Saw another recent reference to "congressmen who retire at full pension after only one term."
This is not true, of course. All congresspersons must serve five years to be vested in the pension system.
This means three two-year congressional terms.
Amount of pension is determined by number of years served and average of earnings during the highest-paid three years.
In no case may a member collect a pension that is more than 80 percent of his last years' salary.
Every member also pays 6.2 percent into Social Security. Don't believe anyone who tells you different.
They also pay 1.3 percent into the Federal Employees Pension System (FERS). The government puts in around 18 percent.
They also have a voluntary Thrift Plan which the government matches up to 5 percent of contributions.
Even if the congressperson opts not to participate in the Thrift Plan, the government still puts in 1 percent for every member. They can get this after serving two years.
So our current congressman, at the end of this year, will have collected $174,000 per year for four years, for a total of $696,000, not counting perks and expense allowance.
If he is elected one more term, he will be paid another $348,000, for a total of $1.044,000. He will also then be eligible to collect a pension.
Using the government formula, I calculate his pension will be about $17,748 per year.
A conservative estimate of his longevity, with ready access to good health care, even packing a couple of extra pounds, is around 20 years, for a total pension payout of $354,960.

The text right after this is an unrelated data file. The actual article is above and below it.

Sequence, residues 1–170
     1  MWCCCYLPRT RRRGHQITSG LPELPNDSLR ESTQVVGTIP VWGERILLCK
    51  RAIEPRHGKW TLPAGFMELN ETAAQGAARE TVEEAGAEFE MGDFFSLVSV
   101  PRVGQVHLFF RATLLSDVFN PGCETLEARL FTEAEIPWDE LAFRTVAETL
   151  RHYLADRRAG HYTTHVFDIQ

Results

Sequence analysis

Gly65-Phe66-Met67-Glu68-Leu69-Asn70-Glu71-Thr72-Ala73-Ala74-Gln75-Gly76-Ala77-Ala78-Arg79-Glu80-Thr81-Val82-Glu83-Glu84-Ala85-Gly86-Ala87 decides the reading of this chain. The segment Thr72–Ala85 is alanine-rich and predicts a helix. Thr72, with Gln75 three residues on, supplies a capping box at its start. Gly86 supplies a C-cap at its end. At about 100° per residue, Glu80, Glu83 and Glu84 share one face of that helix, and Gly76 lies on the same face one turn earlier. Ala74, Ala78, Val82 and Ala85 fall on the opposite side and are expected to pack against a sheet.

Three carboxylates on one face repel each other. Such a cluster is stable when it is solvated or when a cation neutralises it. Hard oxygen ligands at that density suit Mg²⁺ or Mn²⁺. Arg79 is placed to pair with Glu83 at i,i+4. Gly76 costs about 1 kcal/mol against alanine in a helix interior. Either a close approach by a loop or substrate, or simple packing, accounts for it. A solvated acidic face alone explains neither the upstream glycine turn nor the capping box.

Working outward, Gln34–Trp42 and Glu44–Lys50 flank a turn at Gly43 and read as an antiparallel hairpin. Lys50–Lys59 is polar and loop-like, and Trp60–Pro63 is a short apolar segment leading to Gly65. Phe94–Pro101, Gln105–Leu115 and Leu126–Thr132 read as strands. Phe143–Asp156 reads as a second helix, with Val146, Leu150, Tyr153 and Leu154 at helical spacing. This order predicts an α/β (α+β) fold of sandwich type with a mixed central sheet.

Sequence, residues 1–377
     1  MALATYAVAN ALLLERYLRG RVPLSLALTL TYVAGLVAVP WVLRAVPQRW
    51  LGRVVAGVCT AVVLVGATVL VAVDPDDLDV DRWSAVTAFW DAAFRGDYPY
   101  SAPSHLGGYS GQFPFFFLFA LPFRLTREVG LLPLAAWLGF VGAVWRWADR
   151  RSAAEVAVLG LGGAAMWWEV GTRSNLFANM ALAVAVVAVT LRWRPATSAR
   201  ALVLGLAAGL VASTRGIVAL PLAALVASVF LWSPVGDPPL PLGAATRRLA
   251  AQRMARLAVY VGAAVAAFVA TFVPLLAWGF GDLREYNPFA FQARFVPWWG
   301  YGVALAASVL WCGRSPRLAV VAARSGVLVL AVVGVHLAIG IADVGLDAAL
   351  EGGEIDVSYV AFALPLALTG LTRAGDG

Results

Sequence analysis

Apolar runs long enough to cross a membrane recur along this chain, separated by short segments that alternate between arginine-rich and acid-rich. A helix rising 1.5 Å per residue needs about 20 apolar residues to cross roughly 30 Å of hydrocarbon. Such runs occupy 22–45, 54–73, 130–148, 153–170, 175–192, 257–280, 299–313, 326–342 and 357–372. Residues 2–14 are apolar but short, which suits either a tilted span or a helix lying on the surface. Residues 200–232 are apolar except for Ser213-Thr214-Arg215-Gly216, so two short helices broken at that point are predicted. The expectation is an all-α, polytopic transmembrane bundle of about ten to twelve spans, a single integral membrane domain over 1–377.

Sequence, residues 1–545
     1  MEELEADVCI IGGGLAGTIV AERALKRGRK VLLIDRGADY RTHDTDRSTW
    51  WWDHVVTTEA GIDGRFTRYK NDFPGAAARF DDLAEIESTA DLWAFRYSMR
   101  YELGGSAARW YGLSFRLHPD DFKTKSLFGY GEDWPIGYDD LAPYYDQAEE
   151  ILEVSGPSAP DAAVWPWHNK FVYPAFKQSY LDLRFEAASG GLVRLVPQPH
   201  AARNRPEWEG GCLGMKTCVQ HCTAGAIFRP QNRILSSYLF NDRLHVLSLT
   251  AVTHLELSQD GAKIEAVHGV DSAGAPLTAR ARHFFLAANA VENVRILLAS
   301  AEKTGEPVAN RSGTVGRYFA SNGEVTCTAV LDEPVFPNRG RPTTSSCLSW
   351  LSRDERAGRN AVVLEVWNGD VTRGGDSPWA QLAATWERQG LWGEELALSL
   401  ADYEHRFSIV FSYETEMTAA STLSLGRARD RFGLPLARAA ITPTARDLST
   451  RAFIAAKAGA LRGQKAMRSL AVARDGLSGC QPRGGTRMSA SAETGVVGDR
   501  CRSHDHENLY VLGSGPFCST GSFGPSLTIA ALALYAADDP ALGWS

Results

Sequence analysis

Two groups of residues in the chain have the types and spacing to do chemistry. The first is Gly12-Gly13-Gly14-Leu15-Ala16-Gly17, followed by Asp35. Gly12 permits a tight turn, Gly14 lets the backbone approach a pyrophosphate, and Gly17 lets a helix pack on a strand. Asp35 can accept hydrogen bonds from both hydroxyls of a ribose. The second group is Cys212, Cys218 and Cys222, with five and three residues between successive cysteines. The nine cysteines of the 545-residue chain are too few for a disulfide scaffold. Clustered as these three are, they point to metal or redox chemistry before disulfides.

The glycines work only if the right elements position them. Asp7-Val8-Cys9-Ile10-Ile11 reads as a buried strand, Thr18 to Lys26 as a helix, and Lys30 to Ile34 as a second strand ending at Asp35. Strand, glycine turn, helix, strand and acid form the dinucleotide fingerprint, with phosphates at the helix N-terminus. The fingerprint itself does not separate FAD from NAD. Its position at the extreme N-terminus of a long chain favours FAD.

I'm not adding in his Thrift Plan benefit, because I don't know if he participates, so I can't say if it is 1 percent of his pay or 5 percent of his contributions.
Just using the above numbers, it is clear that we, the taxpayer, have been and will be on the hook for a total of $1,398,960, if he is re-elected to one more term.
Given these facts, it behooves us then to ask what he has done for us lately.
Well, he made two promises when he first ran for office.
He would work to repeal the Affordable Care Law, and he would never, never vote on an issue without reading it first.
Well, he's voted around 50 times to repeal the ACA. Does anyone believe to this day that he has read it?
What else? Oh, yes, one of his first votes would have cut the federal subsidy for Essential Air Service. This would have effectively ended passenger air service in Iron Mountain, Ironwood, Houghton, Escanaba, Sault Ste. Marie, Pellston, Alpena, Manistee. (I may have missed some, but you get the idea.)
They later walked it back and increased the subsidy.
Do you think Dr. Dan read that bill before his initial vote?
Do you think he understood it? He also voted for the Ryan Budget, which would have ended Medicare and increased medical costs for seniors.
He has stated he supports privatizing Social Security.
He voted against a bill that would have provided $1 billion in veterans' benefits, voted for the government shutdown, and voted to make it harder for lower-income vets to get benefits. Voted against protecting veterans against foreclosures. Voted several times not to renew the Violence Against Women Act. Voted against the Considering Paycheck Fairness Act. Co-sponsored a bill to redefine rape as "forcible rape."
He voted to block funding to enforce pollution limits, voted to block regulation of dangerous pollutants, and has consistently opposed EPA regulations.
Congress will be in session this year for a total of 93 days. Even assuming a 12 hour work day, this comes out to about $156 per hour.
He voted against increasing the minimum wage for hourly workers. He supported tax cuts for billionaires. Voted for the Ryan Budget which would have cut funding for education, as well as funding for higher education.
On the plus side, he co-sponsored a bill to allow veterans' organizations to bid on surplus government equipment.
He has also spoken kindly about wise forestry. Somehow I don't think we are getting our money's worth in this congressman. Certainly not enough to pay him a pension for the rest of his life, which we will if he is re-elected.